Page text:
SpaceX Is About a Month Away From First Crew Dragon Demo Flight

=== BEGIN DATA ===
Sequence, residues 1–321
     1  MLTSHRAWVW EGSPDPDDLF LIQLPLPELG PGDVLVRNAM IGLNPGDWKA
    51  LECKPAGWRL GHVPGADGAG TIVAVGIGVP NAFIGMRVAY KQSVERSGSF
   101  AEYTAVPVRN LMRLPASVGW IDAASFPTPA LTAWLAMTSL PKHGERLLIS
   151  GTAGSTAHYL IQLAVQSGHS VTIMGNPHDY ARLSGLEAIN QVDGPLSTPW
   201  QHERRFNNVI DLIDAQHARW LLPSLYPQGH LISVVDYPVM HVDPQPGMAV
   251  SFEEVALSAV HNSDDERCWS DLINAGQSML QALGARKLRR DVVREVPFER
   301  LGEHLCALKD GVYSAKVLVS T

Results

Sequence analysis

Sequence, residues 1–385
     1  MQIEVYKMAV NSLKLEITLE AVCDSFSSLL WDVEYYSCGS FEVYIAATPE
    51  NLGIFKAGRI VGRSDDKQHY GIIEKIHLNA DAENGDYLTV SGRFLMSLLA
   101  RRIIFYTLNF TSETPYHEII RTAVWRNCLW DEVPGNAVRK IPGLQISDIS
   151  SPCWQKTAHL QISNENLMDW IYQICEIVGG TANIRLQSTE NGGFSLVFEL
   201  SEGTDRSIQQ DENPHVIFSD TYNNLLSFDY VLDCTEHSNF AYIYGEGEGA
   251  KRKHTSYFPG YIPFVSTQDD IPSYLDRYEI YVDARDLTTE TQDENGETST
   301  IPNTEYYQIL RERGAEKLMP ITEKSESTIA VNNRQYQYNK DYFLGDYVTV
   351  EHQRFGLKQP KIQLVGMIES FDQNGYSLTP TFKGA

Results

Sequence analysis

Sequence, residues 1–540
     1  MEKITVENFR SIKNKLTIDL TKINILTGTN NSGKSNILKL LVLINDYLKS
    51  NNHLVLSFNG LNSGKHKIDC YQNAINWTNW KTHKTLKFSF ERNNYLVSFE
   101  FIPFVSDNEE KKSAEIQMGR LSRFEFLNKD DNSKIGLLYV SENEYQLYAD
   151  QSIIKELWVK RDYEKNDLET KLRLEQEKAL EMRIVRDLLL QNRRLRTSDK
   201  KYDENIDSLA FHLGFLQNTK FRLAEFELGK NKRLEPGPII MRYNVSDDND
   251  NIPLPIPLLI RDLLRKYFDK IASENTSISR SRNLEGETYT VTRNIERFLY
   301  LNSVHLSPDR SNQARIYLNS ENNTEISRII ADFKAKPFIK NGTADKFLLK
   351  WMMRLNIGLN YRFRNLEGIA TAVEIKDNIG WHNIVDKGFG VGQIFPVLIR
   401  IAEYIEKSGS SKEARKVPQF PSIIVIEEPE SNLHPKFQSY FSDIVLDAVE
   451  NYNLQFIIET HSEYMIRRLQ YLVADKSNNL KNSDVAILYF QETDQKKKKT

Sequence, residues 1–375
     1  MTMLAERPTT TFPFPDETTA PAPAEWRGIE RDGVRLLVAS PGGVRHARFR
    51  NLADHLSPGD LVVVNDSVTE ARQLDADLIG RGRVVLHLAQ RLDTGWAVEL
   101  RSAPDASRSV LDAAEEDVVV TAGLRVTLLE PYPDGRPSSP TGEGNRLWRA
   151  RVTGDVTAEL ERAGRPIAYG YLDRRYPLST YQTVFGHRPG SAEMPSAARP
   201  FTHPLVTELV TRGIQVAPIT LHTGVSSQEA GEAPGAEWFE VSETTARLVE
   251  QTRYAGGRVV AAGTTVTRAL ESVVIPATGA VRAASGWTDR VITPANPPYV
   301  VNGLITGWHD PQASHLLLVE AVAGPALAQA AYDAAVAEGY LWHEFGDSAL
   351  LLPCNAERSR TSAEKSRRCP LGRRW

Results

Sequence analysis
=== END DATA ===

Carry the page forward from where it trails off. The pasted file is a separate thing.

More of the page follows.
first_img SpaceX is about a month away from launching its first commercial crew mission, according to Elon Musk.The company founder and CEO on Saturday announced the upcoming “first orbital test flight” of its Crew Dragon spacecraft.The ship—currently sitting pretty atop a Falcon 9 rocket at the Kennedy Space Center in Florida—is strictly for demonstration purposes; there will be no humans aboard this voyage.Still, the mission will be “extremely intense,” Musk tweeted over the weekend. “Early flights are especially dangerous, as there’s a lot of new hardware.” ESA Satellite Avoids Potential Collision With SpaceX Starlink CraftSpaceX’s Starhopper Aces Final Test Flight in Texas Stay on targetcenter_img Sorry, to be clear, this pic is all real. Nothing rendered.— Elon Musk (@elonmusk) January 6, 2019Partner NASA has been holding out hope for an early January launch. But technical issues (not to mention a partial government shutdown) are causing a delay of what many are calling a “critical” mission.Success would put SpaceX on track to becoming the first private aerospace firm to launch humans into space. And it would give NASA a leg up in sending astronauts to the International Space Station.“First flights of new space vehicles can carry inherent risk,” Wayne Hale, a consultant and member of NASA’s Advisory Council, told Ars Technica. “Test is better but has limitations, too.Falcon 9 and Crew Dragon (via SpaceX)“It is never possible to test the entire integrated system in the complete flight environment,” he continued. “Ground tests and partial environment tests provide some confidence, but there is no test like an actual flight.”SpaceX isn’t going in blind, though. Rockets from the Falcon 9 family have been launched nearly 70 times over nine years, boasting a 97 percent success rate. The rocket’s first-stage boosters have been recovered in 32 of 39 landing attempts.Just last month, the company sent its reusable Falcon 9 booster on its third flight to space.More on Completes First US National Security Space MissionNASA Administrator Publicly Admonishes Elon MuskDespite Deadly Prospects, Elon Musk Wants to Go to Marslast_img

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